Russian Warships to Hold Missile Drills Near Norway’s Gas Pipeline to Europe

Alexander Demianchuk / TASS

Two Russian warships will conduct missile drills near Norway’s northernmost gas pipeline to Europe, the VG news website reported, citing the Norwegian Intelligence Service (NIS).

A notice to airmen (NOTAM) is set for an area in the Norwegian Sea west of Helgeland, the Norwegian Joint Headquarters at Reitan near Bodø confirmed.

The area with warnings to civilian air traffic is just south of the Arctic Circle and in near several Norwegian offshore installations, including Aasta Hansten, which is the northernmost gas field connected to the network of pipelines fueling Europe with natural gas. The area also has active shipping and fishery activity.

The NOTAM, with reference A 0269/20, is valid from early morning on Feb. 5 to the afternoon on Feb. 7. 

It is not clear which missiles are to be tested, or if any live shootings will happen at all.

Russian warships from the Northern Fleet have announced missile shootings in the Norwegian Sea off the coast of northern Norway without a single missile being fired twice in the past.

Among the Russian warships sailing north on their way back to their homebase in Severomorsk on the Kola Peninsula, there are the large missile cruiser Admiral Ustinov and the destroyer Vice-Admiral Kulakov.

Both vessels participated in an exercise near the Russian Black Sea naval base in Sevastopol on the coast of annexed Crimea in early January.

The Vice-Admiral Kulakov sailed out from Severomorsk in late October last year, while the Admiral Ustinov has been on a world voyage since last summer.

Last week, the two ships crossed the Bay of Biscay where they conducted anti-submarine training tasks while sailing north in the direction to the English Channel, the press service of the Russian Northern Fleet said.

The ships passed the waters between Dover and Calais on Saturday morning. The ships arrived Sunday in the North Sea, off the west coast of Norway. 

Such an exercise close to Norwegian waters should be seen as part of Russia’s bastion defense, Lt. Gen. Morten Haga Lunde, the head of the Norwegian Intelligence Service, told the VG news website.

If Russia feels threatened, the military plan is to expand its bastion defense beyond the Barents Sea, conducting sea denial operations in the maritime spaces of northwestern Europe, all the way to the Greenland-Iceland-UK (GIUK) gap.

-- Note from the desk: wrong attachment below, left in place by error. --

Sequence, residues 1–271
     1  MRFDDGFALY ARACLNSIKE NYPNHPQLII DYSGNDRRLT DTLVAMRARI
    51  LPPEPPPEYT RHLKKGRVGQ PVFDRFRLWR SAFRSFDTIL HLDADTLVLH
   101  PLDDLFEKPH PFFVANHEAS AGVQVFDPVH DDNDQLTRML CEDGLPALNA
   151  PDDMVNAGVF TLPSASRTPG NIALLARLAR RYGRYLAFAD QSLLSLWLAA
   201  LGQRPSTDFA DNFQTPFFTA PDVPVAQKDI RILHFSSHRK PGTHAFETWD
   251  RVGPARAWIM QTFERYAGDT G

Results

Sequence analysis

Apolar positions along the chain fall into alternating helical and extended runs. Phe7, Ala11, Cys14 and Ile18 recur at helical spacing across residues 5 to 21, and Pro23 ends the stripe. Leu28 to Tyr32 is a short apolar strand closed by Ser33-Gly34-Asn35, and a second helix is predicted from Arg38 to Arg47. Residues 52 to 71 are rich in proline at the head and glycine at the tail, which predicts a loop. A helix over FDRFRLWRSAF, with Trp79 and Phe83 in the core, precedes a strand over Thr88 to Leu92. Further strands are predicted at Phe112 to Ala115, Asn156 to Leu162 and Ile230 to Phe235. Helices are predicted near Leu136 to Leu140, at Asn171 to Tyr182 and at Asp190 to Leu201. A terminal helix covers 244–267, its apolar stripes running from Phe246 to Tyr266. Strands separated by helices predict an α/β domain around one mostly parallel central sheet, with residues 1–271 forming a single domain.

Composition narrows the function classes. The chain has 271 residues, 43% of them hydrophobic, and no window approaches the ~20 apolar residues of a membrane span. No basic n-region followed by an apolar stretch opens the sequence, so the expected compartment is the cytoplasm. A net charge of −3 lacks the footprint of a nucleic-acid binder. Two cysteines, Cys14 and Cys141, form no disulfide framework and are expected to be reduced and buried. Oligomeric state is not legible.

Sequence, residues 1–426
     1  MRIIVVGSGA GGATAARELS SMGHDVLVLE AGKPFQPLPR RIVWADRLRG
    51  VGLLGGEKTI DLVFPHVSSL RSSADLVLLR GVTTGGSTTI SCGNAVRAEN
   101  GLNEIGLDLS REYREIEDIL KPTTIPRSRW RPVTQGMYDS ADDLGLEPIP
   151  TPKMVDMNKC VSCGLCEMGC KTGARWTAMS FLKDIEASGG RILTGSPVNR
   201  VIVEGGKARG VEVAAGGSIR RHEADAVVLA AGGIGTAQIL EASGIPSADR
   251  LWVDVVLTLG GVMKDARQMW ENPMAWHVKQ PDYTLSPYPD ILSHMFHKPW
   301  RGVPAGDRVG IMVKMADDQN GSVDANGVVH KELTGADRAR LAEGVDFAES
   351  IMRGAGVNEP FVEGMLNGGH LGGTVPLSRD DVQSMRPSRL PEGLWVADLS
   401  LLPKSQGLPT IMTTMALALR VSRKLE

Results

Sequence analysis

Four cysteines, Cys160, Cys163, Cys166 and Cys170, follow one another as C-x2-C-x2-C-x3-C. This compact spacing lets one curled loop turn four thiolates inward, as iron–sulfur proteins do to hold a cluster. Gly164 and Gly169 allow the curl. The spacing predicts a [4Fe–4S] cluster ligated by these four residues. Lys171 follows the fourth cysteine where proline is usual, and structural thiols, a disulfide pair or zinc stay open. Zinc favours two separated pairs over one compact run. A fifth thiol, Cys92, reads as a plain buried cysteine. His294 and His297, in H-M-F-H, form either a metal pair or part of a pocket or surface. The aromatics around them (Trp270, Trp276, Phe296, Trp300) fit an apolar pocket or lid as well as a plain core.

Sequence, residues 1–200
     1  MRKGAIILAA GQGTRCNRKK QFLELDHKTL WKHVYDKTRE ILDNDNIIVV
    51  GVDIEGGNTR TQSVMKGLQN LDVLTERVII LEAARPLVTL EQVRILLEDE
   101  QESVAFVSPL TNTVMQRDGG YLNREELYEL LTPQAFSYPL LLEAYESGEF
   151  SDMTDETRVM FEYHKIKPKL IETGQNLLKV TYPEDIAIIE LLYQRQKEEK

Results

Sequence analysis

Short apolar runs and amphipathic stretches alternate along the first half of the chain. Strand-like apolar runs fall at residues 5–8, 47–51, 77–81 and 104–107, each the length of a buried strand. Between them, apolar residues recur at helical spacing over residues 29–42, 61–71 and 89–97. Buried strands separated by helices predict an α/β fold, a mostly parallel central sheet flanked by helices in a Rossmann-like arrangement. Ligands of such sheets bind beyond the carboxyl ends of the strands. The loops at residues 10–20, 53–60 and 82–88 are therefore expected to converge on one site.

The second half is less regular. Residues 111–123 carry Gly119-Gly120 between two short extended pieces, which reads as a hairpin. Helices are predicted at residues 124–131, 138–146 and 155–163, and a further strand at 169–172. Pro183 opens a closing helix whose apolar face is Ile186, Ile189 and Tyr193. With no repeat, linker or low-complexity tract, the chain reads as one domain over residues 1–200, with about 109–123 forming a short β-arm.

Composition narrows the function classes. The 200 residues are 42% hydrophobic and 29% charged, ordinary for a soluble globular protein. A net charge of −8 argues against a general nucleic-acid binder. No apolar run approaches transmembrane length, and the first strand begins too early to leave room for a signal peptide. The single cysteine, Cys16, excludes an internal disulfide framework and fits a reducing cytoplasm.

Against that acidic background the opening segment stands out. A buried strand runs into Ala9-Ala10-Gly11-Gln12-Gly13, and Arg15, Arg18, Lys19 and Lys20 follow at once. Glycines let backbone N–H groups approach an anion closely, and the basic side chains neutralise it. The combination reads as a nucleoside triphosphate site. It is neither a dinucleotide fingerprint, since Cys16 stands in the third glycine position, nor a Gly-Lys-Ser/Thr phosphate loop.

Over the last two years, Russia has exercised the bastion defense concept with surface warships, submarines and aircraft several times in the Norwegian Sea.

Last August, the Ocean Shield exercise, originally taking place in the Baltic Sea, made a surprise move, lasting one week longer than planned and with warships sailing to waters outside northern Norway.

“It is obvious that Russia wants to show its dissatisfaction with this winter’s NATO exercise in Norway, Cold Response,” Haga Lunde said to VG.

Cold Response takes place from March 2-18, but there is already visible military activity as some allied participants arrive early to prepare themselves for the exercise.

The exercise area stretches from Narvik in the south to Norway’s Finnmark in the north, but the main activities will be located near the military camps in Troms.

The Norwegian Armed Forces informed that the aim is to secure allies’ ability to conduct multinational joint exercises with a high-intensity combat scenario in demanding winter conditions.

That includes training the large amphibious capacities between the coast and the shore.

Between 15,000 and 16,000 soldiers from the United States, the United Kingdom, the Netherlands, France, Belgium, Germany, Denmark, Latvia, Finland and Sweden will train with the Norwegian forces in the exercise.

Earlier in January, The Barents Observer reported the U.S. has withdrawn about 3,000 of originally planned 12,000 soldiers from the exercise due to the pressing situation in the Middle East.



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